Stay Warm & Stay Safe this winter

Know the Product:

Please read the Material Safety Data Sheet (MSDS), Technical Data Sheet (TDS) and Operating Instructions prior to using our products. The MSDS and Operating Instructions can be found with every spray foam kit or refill tanks, by contacting Tiger Foam Insulation™ at:

  • Toll Free 800-664-0063
  • International (001) +1-732-927-2090
  • Fax Number: (877) 415-1185
  • International Fax : (001) 1 +732.927.2091

winter

Spray Foam Tank Operating TIPS

Important Tank Tips

Tank Temperature
For best results, maximum yield, and the best spraying foam, the chemicals in the tanks should be between 75 and 85 degrees Fahrenheit. In the summer and in warm climates, this is easy to do. In cold climates or winter months, we suggest you use a forced air heater of some sort to bring the chemicals up to optimum temp. Too hot or cold reduces yield!

 

Shake Them Up!
You should agitate the canisters to mix the propellant well before you start spraying. This insures that you get good pressure all the way to the end of the canisters. Simply rocking or rolling the larger tanks back and forth for a minute or two is sufficient. The A tank tends to need to be shaken longer than the B tank.

 

High Pressure!
These tanks are pre-pressurized and like any pressurized tanks, there is more pressure when you first open them than there is near the end of the tank. The trigger on the application gun is metered in that the further you pull back on the trigger, the faster the chemicals dispense. Please adjust your flow to match your application goals.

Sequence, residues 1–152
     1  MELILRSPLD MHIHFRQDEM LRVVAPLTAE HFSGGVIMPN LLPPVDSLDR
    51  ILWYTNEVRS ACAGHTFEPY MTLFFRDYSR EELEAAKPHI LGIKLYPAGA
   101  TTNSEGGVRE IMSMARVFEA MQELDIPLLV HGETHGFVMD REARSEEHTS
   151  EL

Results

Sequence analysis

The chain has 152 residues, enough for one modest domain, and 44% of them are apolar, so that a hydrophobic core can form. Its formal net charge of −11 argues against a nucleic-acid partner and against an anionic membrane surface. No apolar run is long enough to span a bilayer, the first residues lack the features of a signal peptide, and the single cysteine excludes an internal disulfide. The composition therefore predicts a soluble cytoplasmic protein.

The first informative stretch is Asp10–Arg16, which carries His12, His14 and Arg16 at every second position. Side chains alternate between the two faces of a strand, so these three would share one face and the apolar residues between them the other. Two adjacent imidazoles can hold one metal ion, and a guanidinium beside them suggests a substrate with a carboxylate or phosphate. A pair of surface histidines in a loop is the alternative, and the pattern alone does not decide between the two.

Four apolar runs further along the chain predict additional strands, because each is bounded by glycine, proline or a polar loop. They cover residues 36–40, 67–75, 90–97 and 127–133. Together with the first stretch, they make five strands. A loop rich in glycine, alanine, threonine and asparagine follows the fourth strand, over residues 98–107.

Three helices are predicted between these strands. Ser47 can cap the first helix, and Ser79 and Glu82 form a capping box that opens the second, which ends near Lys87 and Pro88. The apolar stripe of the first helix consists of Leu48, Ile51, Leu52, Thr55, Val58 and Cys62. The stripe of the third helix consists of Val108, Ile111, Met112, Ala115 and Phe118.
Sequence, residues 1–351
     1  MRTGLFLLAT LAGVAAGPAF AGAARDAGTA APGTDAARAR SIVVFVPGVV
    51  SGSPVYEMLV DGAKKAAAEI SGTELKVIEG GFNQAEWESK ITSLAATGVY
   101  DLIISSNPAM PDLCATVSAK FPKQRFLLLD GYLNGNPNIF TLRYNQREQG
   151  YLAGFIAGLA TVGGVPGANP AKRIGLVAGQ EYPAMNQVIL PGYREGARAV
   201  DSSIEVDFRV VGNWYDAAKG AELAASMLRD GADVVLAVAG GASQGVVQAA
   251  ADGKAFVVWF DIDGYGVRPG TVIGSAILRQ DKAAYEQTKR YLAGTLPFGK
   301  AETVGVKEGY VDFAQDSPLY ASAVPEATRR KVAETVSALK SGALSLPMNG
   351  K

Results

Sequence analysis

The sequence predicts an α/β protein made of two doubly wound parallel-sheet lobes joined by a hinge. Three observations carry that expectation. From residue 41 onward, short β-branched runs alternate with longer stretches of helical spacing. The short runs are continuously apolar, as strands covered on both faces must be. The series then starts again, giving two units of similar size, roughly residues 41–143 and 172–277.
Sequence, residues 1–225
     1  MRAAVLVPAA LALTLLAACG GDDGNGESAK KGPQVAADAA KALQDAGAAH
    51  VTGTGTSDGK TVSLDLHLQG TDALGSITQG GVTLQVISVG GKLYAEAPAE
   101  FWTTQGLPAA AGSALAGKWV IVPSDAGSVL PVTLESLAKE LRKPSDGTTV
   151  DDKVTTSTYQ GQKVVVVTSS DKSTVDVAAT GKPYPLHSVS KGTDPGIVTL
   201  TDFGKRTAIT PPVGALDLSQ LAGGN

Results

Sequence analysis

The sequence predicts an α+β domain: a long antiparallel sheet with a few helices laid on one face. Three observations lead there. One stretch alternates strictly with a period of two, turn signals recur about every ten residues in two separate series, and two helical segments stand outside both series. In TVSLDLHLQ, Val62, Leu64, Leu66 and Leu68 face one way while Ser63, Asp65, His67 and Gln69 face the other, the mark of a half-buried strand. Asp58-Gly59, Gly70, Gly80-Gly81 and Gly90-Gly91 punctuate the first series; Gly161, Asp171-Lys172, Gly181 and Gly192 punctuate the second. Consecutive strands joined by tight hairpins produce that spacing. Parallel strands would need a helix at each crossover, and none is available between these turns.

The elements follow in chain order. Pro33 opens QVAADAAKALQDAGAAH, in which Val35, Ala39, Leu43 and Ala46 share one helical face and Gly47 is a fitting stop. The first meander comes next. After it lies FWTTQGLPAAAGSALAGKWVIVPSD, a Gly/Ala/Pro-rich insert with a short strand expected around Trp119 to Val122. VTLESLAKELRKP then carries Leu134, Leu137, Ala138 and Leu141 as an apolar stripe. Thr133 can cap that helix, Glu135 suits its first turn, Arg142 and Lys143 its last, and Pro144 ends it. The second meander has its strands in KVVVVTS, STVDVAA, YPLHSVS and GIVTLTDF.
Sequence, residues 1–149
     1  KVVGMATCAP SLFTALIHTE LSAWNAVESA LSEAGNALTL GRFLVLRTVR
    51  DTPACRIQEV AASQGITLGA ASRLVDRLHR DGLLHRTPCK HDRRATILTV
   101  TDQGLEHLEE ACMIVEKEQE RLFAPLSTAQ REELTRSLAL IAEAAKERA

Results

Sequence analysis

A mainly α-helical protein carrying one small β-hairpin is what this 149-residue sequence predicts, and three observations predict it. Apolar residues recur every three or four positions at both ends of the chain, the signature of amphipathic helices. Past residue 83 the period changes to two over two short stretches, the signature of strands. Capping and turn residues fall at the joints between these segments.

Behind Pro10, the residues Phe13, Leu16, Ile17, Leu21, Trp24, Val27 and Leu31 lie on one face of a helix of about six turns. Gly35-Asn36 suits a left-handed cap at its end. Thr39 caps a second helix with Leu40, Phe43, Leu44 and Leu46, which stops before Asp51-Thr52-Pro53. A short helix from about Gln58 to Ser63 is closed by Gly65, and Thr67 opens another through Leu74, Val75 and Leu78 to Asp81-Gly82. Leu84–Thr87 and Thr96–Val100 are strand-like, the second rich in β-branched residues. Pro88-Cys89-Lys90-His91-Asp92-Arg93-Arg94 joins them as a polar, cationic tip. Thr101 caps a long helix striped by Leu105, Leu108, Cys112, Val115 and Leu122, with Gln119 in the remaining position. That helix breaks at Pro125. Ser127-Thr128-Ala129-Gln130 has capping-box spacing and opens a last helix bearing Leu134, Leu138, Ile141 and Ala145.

Change Nozzle Tips
The nozzle tip on the end of the application gun is actually the mixing chamber for the two chemicals. This high tech nozzle is ribbed in such a way to create a mixing ‘vortex’ within the tip so well mixed foaming agents are dispensed for maximum results. Just as the foam rises and hardens in 30-45 seconds for the fast rise formula, it will do so in the tip if chemical isn’t being sprayed through the tip.

Once the trigger is squeezed it must be reactivated within 30 seconds or a new nozzle must be installed. The tips also need to be changed every 8 minutes of continuous spray time. Failure to do this could result in chemical leakeage that could ruin the dispensing unit and/or hoses.

tips

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Toll Free: 1-800-664-0063
International: +1 732-927-2090

Fax Number: 1-877-415-1185
International Fax: +1 732-927-2091